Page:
Construction Loans. The Company may from time to time engage in the origination of loans to construct primarily single-family residences, and, to a much lesser extent, loans to acquire and develop real estate for construction of residential properties. These construction lending activities generally are limited to the Company’s primary market area. At June 30, 2019, construction loans amounted to approximately $2.9 million or 3.2% of the Company’s total loan portfolio, which represented an increase of $1.1 million or 64.3% from June 30, 2019. The increase was principally due to higher volumes of owner occupied construction permanent loans in the Company’s primary market area. Generally it takes about nine to eighteen months to complete the construction cycle and to convert from a construction to a permanent loan. As of June 30, 2019, the Company’s portfolio of construction loans consisted primarily of loans for the construction of single-family residential real estate. There were $2.2 million of construction loan originations during the fiscal year ended June 30, 2019, as compared to $1.3 million in construction loan originations in fiscal 2018. Purchases of single family construction loans totaled $3.8 million in fiscal 2019, and $500 thousand in fiscal 2018. Substantially all of the loans purchased were in the greater Pittsburgh area. Management continues to monitor housing starts both locally and nationally.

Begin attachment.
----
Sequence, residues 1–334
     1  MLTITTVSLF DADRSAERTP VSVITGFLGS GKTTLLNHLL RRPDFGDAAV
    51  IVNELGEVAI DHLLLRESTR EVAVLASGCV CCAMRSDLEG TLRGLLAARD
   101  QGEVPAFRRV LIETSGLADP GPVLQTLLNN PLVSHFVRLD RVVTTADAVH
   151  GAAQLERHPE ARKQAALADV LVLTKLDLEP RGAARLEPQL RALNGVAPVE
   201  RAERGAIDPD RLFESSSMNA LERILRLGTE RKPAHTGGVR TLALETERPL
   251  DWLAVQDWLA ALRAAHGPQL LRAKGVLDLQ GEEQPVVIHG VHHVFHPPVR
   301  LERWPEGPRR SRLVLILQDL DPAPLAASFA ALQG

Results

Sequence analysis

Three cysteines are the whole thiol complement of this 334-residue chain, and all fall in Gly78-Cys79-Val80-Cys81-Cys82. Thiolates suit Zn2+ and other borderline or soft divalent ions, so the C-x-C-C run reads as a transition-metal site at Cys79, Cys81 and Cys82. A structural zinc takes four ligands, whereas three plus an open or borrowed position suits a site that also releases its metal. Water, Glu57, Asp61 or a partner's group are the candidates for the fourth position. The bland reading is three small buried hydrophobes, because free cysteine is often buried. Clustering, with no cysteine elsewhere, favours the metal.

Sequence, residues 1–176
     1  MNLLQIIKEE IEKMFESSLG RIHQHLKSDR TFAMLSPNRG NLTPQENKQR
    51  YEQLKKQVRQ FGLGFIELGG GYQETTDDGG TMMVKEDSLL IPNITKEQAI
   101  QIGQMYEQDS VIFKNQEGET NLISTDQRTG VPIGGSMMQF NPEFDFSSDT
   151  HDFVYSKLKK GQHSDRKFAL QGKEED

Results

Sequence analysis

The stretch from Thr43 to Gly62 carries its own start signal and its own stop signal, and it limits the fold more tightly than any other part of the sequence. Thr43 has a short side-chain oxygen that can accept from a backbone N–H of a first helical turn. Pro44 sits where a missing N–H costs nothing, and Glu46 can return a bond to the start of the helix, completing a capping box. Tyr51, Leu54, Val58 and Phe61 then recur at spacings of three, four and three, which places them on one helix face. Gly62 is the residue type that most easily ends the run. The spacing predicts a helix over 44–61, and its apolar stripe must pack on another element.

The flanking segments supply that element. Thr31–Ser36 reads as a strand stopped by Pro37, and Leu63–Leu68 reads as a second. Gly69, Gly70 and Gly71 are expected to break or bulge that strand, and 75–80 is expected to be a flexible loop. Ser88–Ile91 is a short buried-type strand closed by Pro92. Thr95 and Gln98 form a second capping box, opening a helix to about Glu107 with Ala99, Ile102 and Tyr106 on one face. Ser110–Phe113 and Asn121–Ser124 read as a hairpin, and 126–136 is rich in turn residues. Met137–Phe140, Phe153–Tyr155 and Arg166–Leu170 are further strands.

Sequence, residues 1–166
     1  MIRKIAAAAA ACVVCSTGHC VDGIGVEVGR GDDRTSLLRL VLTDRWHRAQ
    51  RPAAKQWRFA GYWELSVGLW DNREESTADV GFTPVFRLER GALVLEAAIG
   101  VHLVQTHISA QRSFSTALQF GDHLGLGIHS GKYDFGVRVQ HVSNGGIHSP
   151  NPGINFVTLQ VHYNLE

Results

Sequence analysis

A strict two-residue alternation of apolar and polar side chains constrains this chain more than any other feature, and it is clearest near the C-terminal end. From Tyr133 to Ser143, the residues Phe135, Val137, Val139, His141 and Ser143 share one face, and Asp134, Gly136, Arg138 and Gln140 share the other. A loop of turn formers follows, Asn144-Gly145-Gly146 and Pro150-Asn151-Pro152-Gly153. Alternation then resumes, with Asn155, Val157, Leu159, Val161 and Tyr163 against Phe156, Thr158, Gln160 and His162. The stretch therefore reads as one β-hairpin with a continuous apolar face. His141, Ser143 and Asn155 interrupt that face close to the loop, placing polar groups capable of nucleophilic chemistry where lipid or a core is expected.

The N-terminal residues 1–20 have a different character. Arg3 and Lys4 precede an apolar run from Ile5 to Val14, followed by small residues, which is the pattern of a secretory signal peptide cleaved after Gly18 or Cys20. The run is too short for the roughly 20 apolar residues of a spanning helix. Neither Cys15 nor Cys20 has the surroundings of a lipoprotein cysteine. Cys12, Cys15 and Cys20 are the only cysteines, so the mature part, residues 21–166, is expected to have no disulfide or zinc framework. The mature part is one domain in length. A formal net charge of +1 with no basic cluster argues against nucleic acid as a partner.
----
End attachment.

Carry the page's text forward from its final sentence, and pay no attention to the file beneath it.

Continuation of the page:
The Company intends to maintain its involvement in construction lending within its primary market area. Such loans afford the Company the opportunity to increase the interest rate sensitivity of its loan portfolio. Commercial real estate and construction lending is generally considered to involve a higher level of risk as compared to single-family residential lending, due to the concentration of principal in a limited number of loans and borrowers and the effects of general economic conditions on real estate developers and managers. Moreover, a construction loan can involve additional risks because of the inherent difficulty in estimating both a property’s value at completion of the project and the estimated cost (including interest) of the project. The nature of these loans is such that they are generally more difficult to evaluate and monitor. In addition, speculative construction loans to a builder are not necessarily pre-sold and thus pose a greater potential risk to the Company than construction loans to individuals on their personal residences. Depending upon local real estate market conditions, the Company may begin to apply more stringent underwriting criteria on new construction loans and renewals. Specifically, the Company may reduce its overall portfolio of construction loans through alteration, reduce loan to value ratios to below 75%, or require a higher credit profile of guarantors.